Bob Goetz, a teammate of Ab Justice's at Oklahoma State in the 1950s, recalled the time the two lifelong friends played a round with Jack Nicklaus and Arnold Palmer at the 1968 PGA Team Championship at Quail Creek and Twin Hills.
“On the putting green Ab said, ‘I don't know if I can do it,'” Goetz said. “I said, ‘Do what?' Ab said: ‘Hit the ball off the first tee. I'm already shaking.'”
A towering figure in Oklahoma golf, Donald “Ab” Justice died earlier this week at age 79. Oklahoma State's first All-American golfer, a seven-time club champion at Oak Tree National, Justice owns eight course records.
As for that round with two of golf's greatest legends, Goetz and Justice fared just fine. They matched Nicklaus and Palmer with a best-ball 67 to finish in the top 10.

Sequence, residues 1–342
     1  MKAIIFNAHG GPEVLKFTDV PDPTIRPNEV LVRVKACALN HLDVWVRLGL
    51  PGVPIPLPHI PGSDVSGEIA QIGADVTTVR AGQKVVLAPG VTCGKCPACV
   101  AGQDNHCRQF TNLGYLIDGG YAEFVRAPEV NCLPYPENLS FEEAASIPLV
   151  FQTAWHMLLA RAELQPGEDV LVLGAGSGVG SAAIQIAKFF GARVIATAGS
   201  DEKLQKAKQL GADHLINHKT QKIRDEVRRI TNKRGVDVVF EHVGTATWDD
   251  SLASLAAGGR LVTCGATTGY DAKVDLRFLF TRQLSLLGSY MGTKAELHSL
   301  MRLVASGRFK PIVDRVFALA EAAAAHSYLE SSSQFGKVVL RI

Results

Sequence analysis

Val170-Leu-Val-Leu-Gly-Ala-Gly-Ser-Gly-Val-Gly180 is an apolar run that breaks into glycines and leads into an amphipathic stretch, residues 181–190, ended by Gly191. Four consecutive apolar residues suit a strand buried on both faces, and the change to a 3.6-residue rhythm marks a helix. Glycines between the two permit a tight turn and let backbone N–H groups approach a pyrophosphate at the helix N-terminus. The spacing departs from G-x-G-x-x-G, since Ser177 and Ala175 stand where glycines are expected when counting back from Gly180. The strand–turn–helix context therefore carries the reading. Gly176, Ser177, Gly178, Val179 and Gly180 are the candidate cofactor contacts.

“There were probably 10,000 people there,” Goetz said. “There were a lot of great golfers in the field, but most people were there to see Jack and Arnie so we had a huge gallery. There were people everywhere.
“After four holes we were already 3-under. I remember Jack turning to Arnie and saying, ‘I don't get these two guys. One of them putts with his tongue out and the other putts cross-handed and they're already up on us three shots.' We had a great time.”
Justice always had a great time. Sometimes compared to Oklahoma folk legend Will Rogers, Justice was one of the most popular golfers in the Oklahoma City area.
“Will Rogers is a great comparison,” said Alsie Hyden, a lifelong friend and director of golf at Lake Hefner Golf Course. “He'd always extend that hand and start talking, a very outgoing individual. So many people felt close to him because he had that type of personality.”
Justice learned to play golf at the now-defunct Capitol Hill Golf Course in Oklahoma City, the course his parents ran, the course Orville Moody learned to play. Justice attended Capitol Hill High School before playing at OSU.
At OSU, under coach Labron Harris, Justice, Goetz and Hyden were part of Cowboys teams that dominated.